Figures show that the city suffers an average of two and a half such attacks a day, down from nearly six a day in the year before Sir Stephen House was appointed chief constable of Strathclyde Police in 2007.
Latest figures showed there were 903 knife assaults in the city in 2012-13. That has fallen 37% from a figure of 1439 a year before and 57% from 2138 in 2006-07.
Andy Bates, the police commander for the new Greater Glasgow division, said: "For many years, this city has had a reputation for a high number of knife crimes. But there has been a significant reduction."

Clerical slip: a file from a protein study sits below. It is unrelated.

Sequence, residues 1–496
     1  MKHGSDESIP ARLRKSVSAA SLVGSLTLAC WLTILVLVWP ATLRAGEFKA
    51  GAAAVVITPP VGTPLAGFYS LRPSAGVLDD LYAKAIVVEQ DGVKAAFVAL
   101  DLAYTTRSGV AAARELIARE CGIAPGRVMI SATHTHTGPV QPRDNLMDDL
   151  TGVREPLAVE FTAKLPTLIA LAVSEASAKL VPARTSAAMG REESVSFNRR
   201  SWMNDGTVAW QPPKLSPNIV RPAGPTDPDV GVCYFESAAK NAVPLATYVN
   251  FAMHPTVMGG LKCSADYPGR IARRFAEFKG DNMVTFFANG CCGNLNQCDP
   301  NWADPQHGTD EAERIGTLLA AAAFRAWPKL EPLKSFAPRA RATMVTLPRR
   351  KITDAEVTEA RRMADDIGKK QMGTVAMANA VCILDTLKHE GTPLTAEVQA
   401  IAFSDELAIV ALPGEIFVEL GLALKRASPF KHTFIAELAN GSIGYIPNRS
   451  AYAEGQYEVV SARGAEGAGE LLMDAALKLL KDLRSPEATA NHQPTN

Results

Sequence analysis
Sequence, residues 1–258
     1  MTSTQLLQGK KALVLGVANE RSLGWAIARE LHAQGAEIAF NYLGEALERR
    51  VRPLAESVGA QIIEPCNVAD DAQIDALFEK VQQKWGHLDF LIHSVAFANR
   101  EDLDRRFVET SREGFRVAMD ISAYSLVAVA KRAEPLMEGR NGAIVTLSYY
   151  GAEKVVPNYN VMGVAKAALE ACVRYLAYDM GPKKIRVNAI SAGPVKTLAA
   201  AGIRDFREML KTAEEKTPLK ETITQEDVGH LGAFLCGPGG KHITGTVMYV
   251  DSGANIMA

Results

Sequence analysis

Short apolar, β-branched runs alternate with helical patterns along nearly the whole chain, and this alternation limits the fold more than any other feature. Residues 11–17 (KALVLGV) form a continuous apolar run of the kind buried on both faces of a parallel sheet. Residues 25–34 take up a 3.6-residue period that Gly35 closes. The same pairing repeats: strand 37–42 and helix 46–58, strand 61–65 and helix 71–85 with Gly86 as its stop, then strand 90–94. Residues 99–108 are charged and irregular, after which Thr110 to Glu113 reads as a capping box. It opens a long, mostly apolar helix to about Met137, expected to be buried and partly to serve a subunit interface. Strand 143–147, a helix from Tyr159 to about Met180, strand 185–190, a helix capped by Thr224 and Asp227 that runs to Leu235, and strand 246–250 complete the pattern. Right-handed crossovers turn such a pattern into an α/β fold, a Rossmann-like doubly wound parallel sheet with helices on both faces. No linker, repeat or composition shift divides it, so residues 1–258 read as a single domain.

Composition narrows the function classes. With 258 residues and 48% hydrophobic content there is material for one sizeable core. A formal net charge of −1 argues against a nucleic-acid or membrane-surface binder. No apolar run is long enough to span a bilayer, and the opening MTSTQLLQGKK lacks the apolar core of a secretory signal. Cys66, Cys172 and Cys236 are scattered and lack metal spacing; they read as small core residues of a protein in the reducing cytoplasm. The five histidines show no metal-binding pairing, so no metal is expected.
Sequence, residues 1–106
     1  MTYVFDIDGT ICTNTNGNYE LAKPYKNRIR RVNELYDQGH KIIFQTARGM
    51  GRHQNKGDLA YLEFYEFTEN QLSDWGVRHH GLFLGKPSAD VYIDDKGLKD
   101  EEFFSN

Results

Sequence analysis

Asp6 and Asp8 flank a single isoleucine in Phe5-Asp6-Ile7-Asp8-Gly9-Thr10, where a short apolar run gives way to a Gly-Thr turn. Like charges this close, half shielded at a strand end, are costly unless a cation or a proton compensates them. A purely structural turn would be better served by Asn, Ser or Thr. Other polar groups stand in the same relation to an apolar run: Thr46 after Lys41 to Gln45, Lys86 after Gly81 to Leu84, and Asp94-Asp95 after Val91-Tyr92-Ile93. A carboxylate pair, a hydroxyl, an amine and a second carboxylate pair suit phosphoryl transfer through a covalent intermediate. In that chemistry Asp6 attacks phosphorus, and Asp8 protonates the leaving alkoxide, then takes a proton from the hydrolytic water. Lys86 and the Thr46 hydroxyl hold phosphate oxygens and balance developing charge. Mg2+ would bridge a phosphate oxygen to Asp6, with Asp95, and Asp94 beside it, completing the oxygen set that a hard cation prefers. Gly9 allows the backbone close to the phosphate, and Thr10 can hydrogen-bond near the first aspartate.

He added: "There are still too far many people being stabbed or attacked."
Mr Bates linked the falling figures for knife assaults with the six-fold increase in stop and searches.
In November 2007, when Sir Stephen took over as Strathclyde Police Chief Constable, there were 4356 stop-searches carried out in Glasgow. In November 2012, there were 26,669.
Stop-search tactics have now been rolled out across Scotland.
Some human rights advocates have expressed concerns about the policy - which sees thousands of innocent people inconvenienced.
Mr Bates, however, is convinced stop-searches, along with saturation policing by yellow-jacketed officers in trouble spots, is driving down knife and other violent crime.